Such talent walk and have walked these walls. It is amazing to be among them.





Girls and Weight Training?

Girls and Weight Training?

A lot of times, there is a stigma placed on women who lift weights– associating them with ‘manly’ characteristics. This misconception that women should not lift weights and put on muscle mass is still largely existent today and is completely wrong. There are a lot of long term benefits to doing so, and solely doing cardio to lose weight can have deteriorating effects. As a Freshman at Loyola, my goal was to lose weight, but I depended a lot on cardio for that. I used to go for runs every day, and solely go to Halas for the cardio machines. However, I noticed that I wasn’t getting the results I wanted. In addition to the goal of losing weight, I wanted to reduce my anxiety. As I faced a challenging Sophomore year, I began to take on a different academic route, and developed an interest for Exercise Physiology at Loyola. Developing my knowledge in this field, I began to experiment and try weight training, and it has significantly changed my life (literally). Here are 7 things that have benefited me, and can benefit you as well!

1. Lose Body Fat

Weight training builds muscle, as lean muscle increases so does metabolism. A higher metabolism means that you will burn more calories all day long. Studies found that the the average woman who strength trains two to three times a week for two months will gain nearly two pounds of muscle and will lose 3.5 pounds of fat. For each pound of muscle you gain, you’ll burn 35 to 50 more calories per day. That can really add up over the long term; for example, 4 extra pounds of muscle can burn up to 10 extra pounders per year!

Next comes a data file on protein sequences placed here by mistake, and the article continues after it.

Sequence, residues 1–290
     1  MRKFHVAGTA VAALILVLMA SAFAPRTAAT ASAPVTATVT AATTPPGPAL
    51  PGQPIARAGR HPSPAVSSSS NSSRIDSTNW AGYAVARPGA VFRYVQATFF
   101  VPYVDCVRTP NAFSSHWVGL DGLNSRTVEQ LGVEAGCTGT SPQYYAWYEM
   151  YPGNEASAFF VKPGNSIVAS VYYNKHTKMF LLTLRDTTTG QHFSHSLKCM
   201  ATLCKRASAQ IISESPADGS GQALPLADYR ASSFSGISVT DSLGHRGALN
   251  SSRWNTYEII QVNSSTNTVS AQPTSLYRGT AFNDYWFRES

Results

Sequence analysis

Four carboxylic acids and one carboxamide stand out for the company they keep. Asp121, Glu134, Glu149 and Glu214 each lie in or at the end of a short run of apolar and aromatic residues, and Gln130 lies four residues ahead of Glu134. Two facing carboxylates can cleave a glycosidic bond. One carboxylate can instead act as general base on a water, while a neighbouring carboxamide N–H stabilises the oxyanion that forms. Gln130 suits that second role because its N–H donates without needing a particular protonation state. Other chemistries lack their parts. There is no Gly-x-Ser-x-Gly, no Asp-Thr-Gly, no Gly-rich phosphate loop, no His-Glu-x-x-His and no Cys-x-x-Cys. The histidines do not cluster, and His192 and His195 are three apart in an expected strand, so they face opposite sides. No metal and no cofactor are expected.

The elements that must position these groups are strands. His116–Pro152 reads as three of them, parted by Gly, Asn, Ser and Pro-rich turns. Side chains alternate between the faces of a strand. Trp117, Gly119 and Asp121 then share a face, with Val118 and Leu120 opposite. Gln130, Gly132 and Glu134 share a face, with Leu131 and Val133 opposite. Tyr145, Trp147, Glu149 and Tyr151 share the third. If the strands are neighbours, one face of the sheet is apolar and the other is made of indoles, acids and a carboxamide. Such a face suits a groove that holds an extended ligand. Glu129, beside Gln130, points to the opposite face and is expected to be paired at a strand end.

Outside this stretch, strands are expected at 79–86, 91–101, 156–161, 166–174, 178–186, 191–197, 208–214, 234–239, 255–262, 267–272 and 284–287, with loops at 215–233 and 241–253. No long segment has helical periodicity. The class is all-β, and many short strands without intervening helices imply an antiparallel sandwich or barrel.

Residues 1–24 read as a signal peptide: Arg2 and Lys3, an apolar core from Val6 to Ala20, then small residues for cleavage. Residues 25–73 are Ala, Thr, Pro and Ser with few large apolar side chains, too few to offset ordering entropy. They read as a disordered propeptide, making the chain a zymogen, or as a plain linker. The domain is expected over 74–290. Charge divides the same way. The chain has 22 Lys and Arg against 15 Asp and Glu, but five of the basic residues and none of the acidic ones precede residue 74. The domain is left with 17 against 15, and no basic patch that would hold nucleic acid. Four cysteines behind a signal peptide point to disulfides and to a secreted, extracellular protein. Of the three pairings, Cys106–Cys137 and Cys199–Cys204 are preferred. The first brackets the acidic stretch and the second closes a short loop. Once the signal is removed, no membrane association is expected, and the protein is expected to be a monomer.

2. Gain Strength Without Bulking

One of the most common reasons I used to avoid weight training as well as women in general avoid weight training is because they are afraid of “bulking.” This is a misconception as it physically can not happen. Women simply don’t have the testosterone to build muscle like men. Women have 10 to 30 times less testosterone than men and have a much harder time gaining size from strength training.

3. Decrease Risk of Osteoporosis

Weight training not only strengthens muscles, it strengthens your bones. Weight training increases bone density, which reduces the risk of fractures and broken bones. Research has also shown weight training can increase spinal bone density to create a strong and healthy spine. (Nowadays you see a lot of elders at Physical Therapy clinics, because they are attempting to increase their bone density!)

4. Reduce Risk of Injury

Weight training also increases strength in connective tissues and joints. Strong joints, ligaments, and tendons are important to prevent injury and can relieve pain from osteoarthritis. Strengthening muscles and connective tissue will make injury from daily tasks and routine exercise less likely, and can even improve sports performance.